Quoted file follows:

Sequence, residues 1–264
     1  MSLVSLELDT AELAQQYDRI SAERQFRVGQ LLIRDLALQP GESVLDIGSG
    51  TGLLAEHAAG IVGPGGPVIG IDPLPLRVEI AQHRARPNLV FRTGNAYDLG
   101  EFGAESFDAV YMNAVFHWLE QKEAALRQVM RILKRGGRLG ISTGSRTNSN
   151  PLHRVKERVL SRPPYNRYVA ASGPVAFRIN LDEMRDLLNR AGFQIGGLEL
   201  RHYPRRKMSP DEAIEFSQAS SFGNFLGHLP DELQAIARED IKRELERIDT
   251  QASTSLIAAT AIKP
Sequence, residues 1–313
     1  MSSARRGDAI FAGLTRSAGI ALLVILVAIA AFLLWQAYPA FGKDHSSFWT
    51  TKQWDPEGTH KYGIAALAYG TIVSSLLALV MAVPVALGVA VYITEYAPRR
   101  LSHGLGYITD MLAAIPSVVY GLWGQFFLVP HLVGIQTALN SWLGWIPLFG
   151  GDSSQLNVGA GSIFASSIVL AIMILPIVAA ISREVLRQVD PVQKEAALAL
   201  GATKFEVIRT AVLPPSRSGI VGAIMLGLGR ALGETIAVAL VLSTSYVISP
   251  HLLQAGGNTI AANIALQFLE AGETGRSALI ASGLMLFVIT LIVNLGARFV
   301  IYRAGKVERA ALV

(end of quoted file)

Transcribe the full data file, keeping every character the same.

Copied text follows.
Sequence, residues 1–264
     1  MSLVSLELDT AELAQQYDRI SAERQFRVGQ LLIRDLALQP GESVLDIGSG
    51  TGLLAEHAAG IVGPGGPVIG IDPLPLRVEI AQHRARPNLV FRTGNAYDLG
   101  EFGAESFDAV YMNAVFHWLE QKEAALRQVM RILKRGGRLG ISTGSRTNSN
   151  PLHRVKERVL SRPPYNRYVA ASGPVAFRIN LDEMRDLLNR AGFQIGGLEL
   201  RHYPRRKMSP DEAIEFSQAS SFGNFLGHLP DELQAIARED IKRELERIDT
   251  QASTSLIAAT AIKP
Sequence, residues 1–313
     1  MSSARRGDAI FAGLTRSAGI ALLVILVAIA AFLLWQAYPA FGKDHSSFWT
    51  TKQWDPEGTH KYGIAALAYG TIVSSLLALV MAVPVALGVA VYITEYAPRR
   101  LSHGLGYITD MLAAIPSVVY GLWGQFFLVP HLVGIQTALN SWLGWIPLFG
   151  GDSSQLNVGA GSIFASSIVL AIMILPIVAA ISREVLRQVD PVQKEAALAL
   201  GATKFEVIRT AVLPPSRSGI VGAIMLGLGR ALGETIAVAL VLSTSYVISP
   251  HLLQAGGNTI AANIALQFLE AGETGRSALI ASGLMLFVIT LIVNLGARFV
   301  IYRAGKVERA ALV